HBScNursing’91, Thunder Bay, Ontario
Health Policy Analyst at Nishnawbe-Aski Nation
I first became involved at Lakehead during the development and ensuing implementation of the Native Nurses Entry Program (NNEP) in 1987. Then, after 21 years of nursing and raising a family of five children, I finally could go for a degree in Nursing. I can say that I really enjoyed myself, worked hard, and had the indubitable pleasure and support of having my sister Bernice Matthews (HBScN’91) as a classmate. My lasting impression is that Lakehead University is truly an international educational institution.
My work at Nishnawbe-Aski Nation entails working with First Nations people at the community level and with governments. Many years ago when I went into nursing, I thought of working with the Anishnawbe on two paths. One path is to teach about health and wellness. The other path is for my own inner growth and education – going back to learn about my people and my home, and learning to read and speak my first language. As a policy analyst, I create awareness of health issues and voice the First Nations concerns on different health policies developed and used by governments.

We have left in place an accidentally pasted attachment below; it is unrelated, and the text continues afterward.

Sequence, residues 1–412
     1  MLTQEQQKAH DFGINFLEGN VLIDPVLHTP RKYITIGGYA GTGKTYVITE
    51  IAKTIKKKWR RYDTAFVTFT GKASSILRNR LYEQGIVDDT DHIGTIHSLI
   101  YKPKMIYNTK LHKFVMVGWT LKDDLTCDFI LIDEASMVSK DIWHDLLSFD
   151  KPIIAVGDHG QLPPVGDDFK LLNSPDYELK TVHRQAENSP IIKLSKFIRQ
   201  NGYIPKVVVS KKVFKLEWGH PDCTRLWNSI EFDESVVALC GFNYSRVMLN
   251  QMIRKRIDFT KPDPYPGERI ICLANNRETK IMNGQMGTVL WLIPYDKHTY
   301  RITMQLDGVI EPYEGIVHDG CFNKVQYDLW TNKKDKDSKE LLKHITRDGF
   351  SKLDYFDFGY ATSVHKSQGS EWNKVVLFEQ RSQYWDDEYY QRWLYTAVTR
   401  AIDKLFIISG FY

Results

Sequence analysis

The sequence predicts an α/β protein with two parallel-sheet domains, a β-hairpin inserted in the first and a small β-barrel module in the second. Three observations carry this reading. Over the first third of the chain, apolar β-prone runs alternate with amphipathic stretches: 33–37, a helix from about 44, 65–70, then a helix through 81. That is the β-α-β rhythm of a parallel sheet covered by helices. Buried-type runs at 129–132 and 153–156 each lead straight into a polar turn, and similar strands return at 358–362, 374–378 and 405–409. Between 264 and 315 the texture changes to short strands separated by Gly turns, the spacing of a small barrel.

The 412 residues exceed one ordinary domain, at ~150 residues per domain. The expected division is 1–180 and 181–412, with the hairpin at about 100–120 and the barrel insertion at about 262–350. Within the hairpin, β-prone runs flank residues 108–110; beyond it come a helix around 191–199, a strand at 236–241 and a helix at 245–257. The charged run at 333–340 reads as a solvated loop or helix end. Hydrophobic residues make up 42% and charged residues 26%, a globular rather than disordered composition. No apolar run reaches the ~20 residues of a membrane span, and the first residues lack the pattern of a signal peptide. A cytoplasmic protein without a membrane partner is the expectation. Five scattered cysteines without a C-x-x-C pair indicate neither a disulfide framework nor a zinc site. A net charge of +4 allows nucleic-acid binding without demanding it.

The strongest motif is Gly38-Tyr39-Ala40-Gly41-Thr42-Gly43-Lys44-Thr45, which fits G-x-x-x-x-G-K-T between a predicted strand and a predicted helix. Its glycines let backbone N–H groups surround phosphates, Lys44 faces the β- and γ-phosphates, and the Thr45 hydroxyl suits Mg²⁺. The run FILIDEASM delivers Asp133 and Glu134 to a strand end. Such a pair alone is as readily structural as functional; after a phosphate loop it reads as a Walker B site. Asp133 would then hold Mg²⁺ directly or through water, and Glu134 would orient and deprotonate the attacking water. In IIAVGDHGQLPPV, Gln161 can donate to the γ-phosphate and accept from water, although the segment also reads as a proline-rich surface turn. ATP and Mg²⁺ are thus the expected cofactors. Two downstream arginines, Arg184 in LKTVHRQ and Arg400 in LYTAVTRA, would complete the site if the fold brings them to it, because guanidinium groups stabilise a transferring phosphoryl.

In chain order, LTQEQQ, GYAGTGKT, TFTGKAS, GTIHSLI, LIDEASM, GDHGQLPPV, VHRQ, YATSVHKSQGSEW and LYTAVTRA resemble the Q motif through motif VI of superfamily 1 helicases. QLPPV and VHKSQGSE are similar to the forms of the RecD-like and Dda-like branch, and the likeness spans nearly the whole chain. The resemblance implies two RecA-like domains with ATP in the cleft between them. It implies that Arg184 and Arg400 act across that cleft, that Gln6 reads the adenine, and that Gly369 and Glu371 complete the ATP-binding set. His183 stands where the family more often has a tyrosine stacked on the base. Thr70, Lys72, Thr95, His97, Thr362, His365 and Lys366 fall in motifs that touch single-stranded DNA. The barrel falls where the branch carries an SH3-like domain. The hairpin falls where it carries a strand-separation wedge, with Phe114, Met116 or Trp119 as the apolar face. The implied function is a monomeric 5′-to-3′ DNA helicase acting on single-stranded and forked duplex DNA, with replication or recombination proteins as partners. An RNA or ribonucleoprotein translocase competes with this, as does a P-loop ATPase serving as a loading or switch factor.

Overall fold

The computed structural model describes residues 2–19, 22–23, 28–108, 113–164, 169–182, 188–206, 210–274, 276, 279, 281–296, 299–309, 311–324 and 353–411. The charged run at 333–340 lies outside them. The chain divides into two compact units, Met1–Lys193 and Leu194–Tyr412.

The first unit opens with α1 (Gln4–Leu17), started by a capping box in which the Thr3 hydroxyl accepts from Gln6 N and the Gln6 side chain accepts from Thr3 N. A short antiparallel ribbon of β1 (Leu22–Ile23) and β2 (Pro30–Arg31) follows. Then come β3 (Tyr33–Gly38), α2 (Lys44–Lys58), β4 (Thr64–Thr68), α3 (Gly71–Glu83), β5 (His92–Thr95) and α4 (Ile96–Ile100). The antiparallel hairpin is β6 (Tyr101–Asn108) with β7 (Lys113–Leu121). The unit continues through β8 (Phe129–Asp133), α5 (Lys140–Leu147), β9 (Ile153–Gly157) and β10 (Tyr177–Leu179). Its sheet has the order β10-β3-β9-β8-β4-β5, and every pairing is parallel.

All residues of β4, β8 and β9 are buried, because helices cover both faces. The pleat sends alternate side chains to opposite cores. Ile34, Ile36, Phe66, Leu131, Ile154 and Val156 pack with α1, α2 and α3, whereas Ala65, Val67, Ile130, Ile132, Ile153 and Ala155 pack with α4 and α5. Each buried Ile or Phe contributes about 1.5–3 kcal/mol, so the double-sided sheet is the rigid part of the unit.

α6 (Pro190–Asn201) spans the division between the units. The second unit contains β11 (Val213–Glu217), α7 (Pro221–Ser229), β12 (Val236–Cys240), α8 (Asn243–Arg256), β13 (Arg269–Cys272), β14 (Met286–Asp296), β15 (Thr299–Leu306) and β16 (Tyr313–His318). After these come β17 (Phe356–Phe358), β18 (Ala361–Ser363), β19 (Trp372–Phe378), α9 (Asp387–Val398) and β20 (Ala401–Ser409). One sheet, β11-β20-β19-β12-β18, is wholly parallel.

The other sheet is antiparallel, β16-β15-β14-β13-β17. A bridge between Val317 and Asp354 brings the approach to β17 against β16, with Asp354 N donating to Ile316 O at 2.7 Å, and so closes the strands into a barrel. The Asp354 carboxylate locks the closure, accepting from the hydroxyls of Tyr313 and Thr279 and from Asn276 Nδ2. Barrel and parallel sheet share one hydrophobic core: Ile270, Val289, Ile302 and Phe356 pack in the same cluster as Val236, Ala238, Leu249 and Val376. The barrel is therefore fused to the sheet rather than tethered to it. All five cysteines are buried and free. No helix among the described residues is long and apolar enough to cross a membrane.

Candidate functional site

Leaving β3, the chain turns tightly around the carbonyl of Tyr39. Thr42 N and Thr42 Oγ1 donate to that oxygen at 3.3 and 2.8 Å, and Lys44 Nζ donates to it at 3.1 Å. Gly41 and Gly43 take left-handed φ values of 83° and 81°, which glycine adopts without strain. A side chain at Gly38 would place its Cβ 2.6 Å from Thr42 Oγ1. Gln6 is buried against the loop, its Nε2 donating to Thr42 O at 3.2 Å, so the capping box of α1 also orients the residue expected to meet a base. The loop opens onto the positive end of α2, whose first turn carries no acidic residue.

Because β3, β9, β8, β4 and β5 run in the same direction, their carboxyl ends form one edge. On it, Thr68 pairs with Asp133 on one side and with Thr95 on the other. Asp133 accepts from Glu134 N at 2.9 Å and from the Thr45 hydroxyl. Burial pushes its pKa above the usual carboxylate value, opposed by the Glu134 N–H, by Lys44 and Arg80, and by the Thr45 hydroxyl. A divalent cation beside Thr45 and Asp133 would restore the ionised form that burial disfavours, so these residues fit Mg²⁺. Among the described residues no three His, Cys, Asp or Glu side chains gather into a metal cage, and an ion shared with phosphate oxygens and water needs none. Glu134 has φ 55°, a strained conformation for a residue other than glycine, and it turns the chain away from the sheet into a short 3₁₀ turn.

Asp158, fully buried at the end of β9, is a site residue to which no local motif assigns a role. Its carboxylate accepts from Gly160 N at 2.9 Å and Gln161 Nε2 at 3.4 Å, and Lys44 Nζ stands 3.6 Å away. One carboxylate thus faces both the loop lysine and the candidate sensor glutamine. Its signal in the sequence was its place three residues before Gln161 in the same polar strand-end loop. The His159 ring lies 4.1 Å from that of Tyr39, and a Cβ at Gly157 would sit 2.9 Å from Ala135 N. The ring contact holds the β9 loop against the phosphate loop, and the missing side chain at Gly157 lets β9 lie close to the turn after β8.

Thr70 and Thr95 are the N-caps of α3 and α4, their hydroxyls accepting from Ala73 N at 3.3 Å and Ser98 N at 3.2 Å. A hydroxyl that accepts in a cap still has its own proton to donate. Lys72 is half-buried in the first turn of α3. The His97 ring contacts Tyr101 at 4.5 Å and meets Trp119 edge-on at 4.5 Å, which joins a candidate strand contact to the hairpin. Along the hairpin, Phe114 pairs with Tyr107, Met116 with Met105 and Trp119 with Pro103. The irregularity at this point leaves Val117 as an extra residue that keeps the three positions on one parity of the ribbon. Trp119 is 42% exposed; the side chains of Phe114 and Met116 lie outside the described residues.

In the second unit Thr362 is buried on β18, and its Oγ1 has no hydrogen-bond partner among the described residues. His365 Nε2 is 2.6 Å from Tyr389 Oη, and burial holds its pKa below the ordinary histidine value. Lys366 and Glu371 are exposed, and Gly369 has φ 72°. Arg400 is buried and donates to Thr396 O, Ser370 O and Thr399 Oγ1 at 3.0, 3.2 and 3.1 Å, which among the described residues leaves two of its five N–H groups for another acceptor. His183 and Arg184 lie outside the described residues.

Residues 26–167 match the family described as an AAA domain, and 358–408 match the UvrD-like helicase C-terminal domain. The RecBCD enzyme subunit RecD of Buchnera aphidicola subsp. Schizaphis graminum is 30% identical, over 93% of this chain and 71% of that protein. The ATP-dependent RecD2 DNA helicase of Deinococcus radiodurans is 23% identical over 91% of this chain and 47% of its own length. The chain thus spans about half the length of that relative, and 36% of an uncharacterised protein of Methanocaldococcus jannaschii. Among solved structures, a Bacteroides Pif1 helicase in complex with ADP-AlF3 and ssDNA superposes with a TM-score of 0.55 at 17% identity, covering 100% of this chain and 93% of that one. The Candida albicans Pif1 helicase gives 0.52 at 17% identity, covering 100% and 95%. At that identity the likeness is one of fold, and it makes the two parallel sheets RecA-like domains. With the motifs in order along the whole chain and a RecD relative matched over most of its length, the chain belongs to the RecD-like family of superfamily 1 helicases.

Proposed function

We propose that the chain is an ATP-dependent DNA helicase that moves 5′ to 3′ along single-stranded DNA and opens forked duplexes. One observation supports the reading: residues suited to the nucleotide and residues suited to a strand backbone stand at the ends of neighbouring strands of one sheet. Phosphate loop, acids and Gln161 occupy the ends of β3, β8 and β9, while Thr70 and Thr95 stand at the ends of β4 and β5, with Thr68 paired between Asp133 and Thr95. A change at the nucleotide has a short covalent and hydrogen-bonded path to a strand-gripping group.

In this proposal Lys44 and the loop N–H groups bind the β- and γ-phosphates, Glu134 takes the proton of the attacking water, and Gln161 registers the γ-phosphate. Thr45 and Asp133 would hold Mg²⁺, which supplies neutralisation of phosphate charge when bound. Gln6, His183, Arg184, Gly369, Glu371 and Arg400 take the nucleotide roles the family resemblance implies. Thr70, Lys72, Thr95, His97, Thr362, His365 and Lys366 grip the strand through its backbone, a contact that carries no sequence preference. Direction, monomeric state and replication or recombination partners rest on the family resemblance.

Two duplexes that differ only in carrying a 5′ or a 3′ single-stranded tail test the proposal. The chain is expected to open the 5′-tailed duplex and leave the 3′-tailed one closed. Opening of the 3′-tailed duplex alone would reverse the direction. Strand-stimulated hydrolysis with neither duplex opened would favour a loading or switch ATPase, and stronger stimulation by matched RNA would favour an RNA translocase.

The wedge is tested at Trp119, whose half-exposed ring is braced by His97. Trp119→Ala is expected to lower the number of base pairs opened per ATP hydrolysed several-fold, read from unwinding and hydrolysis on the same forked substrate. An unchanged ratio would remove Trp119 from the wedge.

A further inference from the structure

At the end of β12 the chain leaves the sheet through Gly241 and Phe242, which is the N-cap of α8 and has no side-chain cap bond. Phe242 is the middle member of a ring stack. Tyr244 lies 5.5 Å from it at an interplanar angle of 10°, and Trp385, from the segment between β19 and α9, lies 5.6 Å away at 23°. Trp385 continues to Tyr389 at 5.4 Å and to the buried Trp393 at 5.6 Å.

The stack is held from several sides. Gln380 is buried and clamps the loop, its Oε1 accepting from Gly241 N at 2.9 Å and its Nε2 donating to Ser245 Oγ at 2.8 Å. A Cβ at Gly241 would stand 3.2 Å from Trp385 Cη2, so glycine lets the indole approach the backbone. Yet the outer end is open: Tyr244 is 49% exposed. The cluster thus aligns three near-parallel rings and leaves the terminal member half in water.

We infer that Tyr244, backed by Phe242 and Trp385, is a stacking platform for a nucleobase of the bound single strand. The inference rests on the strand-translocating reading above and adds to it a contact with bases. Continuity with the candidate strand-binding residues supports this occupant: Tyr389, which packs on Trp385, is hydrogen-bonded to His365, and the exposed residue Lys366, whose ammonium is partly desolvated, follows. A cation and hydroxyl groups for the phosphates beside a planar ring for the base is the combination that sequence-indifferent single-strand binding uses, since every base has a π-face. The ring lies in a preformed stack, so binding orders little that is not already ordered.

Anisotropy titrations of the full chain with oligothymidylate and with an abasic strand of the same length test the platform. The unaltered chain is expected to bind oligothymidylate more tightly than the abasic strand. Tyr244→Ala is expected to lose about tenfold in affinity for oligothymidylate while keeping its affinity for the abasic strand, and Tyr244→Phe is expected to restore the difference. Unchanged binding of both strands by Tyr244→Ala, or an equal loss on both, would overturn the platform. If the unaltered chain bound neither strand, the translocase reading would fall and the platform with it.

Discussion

HBKinesiology’97, Toronto, Ontario
Human Resources Officer (OIP Intern) with the Ministry of Community & Social Services/Ministry of Children & Youth Services and a member of the Board of Directors of HAGI Community Service for Independence, and Easter Seals
How did Lakehead prepare you for your life’s work?